In international equities, AMIST Super uses Vanguard for passive, Longview Partners Investments for a value approach and Harding Loevner for a growth approach, plus emerging equity markets exposure through Delaware Investment Advisers and T. Rowe Price, which Pham says have done well. Pham says that selecting Vanguard gives AMIST Super performance in line with the global equity market allowing most of the fee budget to go to active managers.
Generally, Pham says the fund’s approach to equity managers is to invest for the long term and not to turn over managers if they underperform over one year.
AMIST Super has a relatively high property allocation of 15 per cent, much of it with ISPT, has generated significant value. But buying more in Sydney and Melbourne is costly and more opportunities are being sought in the regions. “At the moment our property managers would say there is more competition and it is harder to find good value, so we are looking at other property styles to add to our property exposure,” says Pham.
There is a similar story in infrastructure, where AMIST uses IFM for unlisted domestic infrastructure and Rare for listed global infrastructure manager, but is competing against a growing pool of investors. “It is harder to maintain because prices are relatively high and you are seeing more people appreciate the value of infrastructure assets,” says Pham.
Due to these log-jams the fund has broadened out to use a multi-asset manager as a way of spotting short term investment opportunities in a dynamic way. The UBS dynamic alpha strategy has been awarded a $70 million allocation to invest in a variety of listed assets with the ability to use futures contracts. The manager’s target return is a UBS bank bill plus 3.5-5.5 per cent per annum over three to five year time horizon.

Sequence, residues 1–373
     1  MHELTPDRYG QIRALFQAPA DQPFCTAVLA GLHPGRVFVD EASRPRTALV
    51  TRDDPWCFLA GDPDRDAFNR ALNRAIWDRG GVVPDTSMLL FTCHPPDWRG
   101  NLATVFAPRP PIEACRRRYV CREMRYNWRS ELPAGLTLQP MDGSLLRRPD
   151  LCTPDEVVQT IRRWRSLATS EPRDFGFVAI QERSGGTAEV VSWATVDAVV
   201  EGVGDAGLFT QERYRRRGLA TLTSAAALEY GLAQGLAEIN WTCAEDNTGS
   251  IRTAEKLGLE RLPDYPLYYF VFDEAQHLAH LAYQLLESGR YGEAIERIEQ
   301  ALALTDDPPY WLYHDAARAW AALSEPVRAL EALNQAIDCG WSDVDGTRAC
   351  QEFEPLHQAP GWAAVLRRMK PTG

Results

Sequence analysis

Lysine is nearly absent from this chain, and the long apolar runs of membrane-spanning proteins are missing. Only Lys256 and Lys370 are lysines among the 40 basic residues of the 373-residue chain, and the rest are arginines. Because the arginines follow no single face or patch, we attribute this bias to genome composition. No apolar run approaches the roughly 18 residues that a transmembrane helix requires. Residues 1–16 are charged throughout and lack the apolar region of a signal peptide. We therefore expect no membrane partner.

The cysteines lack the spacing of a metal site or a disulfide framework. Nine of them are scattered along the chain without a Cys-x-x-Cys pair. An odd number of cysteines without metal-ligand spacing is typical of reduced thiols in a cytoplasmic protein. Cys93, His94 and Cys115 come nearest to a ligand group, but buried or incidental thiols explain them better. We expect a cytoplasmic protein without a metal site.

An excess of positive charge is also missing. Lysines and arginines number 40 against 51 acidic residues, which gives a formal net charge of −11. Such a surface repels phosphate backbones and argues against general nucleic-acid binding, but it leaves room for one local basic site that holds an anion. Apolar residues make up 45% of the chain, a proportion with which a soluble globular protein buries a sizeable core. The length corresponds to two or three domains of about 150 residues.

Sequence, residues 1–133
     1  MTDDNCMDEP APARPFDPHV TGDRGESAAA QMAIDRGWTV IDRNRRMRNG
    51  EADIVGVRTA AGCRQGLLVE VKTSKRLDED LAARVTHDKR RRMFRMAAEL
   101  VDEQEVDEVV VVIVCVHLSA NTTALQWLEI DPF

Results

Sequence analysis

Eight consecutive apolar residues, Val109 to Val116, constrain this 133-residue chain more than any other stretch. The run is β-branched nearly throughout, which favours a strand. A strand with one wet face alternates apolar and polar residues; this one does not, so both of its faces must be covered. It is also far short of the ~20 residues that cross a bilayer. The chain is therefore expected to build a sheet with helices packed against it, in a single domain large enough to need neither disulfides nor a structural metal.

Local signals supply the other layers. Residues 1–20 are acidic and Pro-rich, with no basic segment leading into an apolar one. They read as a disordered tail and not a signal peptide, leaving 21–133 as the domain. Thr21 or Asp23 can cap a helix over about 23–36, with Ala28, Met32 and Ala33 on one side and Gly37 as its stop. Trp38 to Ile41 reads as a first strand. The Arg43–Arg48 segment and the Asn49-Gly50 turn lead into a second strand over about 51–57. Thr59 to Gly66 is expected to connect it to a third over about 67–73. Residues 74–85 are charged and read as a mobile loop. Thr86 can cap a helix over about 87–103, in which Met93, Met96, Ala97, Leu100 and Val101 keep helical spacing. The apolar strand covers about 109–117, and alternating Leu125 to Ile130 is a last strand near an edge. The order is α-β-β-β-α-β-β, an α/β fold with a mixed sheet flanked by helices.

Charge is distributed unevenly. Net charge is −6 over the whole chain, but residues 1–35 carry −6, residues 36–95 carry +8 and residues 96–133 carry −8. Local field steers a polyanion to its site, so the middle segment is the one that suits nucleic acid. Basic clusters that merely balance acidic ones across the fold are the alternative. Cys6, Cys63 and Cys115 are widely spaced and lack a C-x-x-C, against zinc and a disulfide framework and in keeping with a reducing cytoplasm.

Pham says UBS is not expected to do better than its Australian equity managers, but it is a smart strategy in a market where lots of other assets are expensive. There is
a continuous review process of the fund to see if it is worth increasing its allocation.
The modest returns from cash and fixed income over the last few years, coupled with a similarly disappointing outlook have led to AMIST moving up the risk spectrum in search of returns. Early in 2014, the fund appointed Brandywine Global Investment Management to a fixed income portfolio designed to outperform regardless of what the rest of the market is doing and with the ability to go short or long on fixed income securities. Its active style is also designed to better capitalise on the market movements that follow from the US decision to end quantitative easing.
The fund’s other managers in defensive assets include AMP Capital Investors and ME Portfolio Management in Australian fixed interest and cash, as well as Apostle Asset Management in international fixed interest.